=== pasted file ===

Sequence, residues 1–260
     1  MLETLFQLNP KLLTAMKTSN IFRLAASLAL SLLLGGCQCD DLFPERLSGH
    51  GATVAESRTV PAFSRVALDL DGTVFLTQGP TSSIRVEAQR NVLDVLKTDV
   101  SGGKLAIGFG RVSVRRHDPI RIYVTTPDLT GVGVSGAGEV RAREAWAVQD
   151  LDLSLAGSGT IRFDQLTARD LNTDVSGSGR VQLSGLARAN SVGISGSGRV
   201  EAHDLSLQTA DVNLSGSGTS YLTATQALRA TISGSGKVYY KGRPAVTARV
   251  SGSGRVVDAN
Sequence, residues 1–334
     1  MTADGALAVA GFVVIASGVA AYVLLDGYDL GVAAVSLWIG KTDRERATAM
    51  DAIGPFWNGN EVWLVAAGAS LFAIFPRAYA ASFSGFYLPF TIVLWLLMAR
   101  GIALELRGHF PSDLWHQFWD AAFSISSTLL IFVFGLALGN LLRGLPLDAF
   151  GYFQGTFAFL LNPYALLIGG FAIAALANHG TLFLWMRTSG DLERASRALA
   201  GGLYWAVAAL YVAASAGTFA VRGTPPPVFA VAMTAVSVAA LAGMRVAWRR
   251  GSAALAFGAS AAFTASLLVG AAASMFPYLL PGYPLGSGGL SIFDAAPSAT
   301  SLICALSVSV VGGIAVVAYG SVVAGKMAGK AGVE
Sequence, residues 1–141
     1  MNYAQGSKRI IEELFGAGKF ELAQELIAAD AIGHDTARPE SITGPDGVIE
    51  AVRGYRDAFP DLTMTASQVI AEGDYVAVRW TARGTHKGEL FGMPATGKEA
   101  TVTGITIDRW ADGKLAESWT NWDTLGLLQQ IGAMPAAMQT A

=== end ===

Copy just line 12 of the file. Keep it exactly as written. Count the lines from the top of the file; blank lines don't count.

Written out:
   151  GYFQGTFAFL LNPYALLIGG FAIAALANHG TLFLWMRTSG DLERASRALA